The Presidency reminded the delegations about Bolivia's intention for possible re-accession to the 1961 UN Single Convention on Narcotic Drugs but with a reservation and asked delegations if it would be feasible to prepare a coordinated EU position on this subject to be presented at the forthcoming EU-US meeting to be held on 8 November 2011.

Most delegations expressed their concerns about the situation and explained that they were still examining how to react, however, they doubted about a possibility to come up with a coordinated position. It was agreed to request the UN legal service to explain the legal provisions concerning Bolivia's intention.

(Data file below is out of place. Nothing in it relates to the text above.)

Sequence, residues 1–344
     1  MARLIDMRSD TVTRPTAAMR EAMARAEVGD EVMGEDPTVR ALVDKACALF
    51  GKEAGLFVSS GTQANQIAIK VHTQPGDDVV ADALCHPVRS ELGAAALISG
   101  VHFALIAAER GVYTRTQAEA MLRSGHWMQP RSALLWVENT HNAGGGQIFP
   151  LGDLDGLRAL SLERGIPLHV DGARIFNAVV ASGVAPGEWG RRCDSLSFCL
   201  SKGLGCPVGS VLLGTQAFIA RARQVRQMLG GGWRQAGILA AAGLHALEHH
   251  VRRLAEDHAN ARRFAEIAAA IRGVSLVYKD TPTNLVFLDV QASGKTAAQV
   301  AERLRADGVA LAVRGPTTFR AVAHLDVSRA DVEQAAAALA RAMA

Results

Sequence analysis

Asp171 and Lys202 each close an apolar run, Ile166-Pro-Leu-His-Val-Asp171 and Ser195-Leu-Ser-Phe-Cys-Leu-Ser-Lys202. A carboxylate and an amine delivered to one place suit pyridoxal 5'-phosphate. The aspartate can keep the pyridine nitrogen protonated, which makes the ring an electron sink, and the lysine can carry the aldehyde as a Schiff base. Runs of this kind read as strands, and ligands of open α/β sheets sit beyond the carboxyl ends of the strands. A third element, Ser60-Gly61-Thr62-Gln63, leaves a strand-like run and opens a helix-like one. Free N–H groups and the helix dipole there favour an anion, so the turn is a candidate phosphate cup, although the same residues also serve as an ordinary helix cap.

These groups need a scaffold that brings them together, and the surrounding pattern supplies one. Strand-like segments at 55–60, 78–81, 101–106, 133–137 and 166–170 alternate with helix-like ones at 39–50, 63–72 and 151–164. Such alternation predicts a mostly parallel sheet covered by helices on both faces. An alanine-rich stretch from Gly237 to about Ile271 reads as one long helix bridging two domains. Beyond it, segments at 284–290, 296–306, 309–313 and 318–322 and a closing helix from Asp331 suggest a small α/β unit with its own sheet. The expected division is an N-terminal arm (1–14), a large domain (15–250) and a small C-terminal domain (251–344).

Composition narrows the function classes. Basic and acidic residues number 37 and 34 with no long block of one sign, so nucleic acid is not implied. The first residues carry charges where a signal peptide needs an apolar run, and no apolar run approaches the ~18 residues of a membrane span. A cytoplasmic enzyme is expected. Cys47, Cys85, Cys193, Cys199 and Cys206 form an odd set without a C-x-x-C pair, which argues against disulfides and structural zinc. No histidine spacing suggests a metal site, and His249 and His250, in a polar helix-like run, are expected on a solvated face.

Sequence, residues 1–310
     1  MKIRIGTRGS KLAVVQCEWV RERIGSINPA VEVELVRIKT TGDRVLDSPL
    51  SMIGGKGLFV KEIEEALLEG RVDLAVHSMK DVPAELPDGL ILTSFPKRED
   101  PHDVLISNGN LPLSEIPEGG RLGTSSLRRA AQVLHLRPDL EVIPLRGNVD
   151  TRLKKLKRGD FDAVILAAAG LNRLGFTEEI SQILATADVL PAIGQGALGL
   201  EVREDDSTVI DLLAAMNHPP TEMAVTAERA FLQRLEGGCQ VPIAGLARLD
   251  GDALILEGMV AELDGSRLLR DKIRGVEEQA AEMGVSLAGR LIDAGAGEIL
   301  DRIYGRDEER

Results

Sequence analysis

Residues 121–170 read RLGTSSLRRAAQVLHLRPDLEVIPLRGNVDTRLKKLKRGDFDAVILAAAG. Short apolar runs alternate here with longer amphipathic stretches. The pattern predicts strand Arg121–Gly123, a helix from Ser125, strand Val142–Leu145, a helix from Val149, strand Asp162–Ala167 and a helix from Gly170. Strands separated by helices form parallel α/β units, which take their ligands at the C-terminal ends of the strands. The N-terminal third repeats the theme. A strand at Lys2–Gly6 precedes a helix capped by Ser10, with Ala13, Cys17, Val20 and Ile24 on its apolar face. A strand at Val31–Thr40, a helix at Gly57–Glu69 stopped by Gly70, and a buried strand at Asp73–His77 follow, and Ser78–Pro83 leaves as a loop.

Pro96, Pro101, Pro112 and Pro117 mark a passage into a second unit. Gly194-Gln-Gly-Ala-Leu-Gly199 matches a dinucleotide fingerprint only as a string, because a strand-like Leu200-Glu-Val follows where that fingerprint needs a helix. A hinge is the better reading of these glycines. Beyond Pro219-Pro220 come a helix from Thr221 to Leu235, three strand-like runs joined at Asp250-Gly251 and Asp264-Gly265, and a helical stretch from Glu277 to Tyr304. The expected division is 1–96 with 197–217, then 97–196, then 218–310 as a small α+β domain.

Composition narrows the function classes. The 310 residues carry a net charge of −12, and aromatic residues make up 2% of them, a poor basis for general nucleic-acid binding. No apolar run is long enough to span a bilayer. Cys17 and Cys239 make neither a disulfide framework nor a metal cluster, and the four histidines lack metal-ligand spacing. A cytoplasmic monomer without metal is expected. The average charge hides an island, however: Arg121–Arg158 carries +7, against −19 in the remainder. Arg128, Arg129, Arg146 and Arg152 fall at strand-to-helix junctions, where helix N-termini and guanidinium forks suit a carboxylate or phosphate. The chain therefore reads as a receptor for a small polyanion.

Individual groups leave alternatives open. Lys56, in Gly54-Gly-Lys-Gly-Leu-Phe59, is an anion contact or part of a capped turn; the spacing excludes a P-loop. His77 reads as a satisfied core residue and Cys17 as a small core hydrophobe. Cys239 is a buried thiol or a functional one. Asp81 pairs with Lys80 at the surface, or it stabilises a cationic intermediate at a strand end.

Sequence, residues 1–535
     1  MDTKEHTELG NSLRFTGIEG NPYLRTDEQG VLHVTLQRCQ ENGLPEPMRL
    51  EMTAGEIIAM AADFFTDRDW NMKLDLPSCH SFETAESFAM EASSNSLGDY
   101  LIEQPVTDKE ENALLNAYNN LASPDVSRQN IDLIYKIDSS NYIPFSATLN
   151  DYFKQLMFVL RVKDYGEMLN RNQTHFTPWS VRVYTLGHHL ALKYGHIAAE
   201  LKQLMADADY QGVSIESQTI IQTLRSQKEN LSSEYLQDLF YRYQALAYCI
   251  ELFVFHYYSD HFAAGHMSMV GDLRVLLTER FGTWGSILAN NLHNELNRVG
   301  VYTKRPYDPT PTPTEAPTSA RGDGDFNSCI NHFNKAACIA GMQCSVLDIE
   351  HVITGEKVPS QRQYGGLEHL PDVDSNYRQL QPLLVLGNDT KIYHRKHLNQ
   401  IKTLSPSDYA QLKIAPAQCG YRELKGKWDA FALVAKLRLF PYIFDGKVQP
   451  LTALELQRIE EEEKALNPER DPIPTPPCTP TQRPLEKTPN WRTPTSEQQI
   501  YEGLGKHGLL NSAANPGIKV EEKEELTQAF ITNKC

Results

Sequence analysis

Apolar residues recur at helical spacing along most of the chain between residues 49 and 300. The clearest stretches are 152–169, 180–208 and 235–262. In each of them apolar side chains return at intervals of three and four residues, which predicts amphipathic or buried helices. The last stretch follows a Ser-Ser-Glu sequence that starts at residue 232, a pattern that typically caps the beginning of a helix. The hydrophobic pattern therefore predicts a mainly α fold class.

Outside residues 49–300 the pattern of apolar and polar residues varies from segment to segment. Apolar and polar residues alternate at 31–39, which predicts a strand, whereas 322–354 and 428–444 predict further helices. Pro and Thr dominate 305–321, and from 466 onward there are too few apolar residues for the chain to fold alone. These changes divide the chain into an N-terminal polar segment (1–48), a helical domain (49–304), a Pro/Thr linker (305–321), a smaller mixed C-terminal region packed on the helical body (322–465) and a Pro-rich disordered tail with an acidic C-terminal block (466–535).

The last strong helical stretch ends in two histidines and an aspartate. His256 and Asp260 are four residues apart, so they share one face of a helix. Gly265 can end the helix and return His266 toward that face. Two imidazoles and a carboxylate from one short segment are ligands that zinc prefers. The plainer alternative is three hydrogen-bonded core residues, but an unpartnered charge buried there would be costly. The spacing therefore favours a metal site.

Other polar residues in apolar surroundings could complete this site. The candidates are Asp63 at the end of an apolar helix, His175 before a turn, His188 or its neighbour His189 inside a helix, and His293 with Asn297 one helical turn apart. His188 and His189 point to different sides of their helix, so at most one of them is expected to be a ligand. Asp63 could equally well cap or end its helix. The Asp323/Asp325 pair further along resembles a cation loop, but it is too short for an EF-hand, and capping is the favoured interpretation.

The representative of the EEAS informed the meeting that the EU was moving towards a broader approach in Bolivia to support their antidrug policy. She pointed out that a recent UNODC report on coca crops in Bolivia indicated a 0,3 percent increase in cultivation and that by the end of the year the UNODC representative might leave Bolivia as it happened in 2009 because of the lack of funds. Therefore she encouraged Member States to examine the opportunity to support the presence of the UNODC in Bolivia.

The delegations were informed that the publication of the coca leaf study had been delayed and that although the EU provided funding for completing the study, it was the task of Bolivian government to publish this study. Some delegations expressed their disapproval with such a situation.

 


 

Brussels, 18 October 2012
Council of the European Union, 14990/12
CORDROGUE 67

Meeting of the Horizontal Working Party on Drugs
3 October 2012

Summary of discussions (link to the original document)

Bolivian re-accession to the 1961 UN Single Convention on Narcotic Drugs - current state of discussion in Member States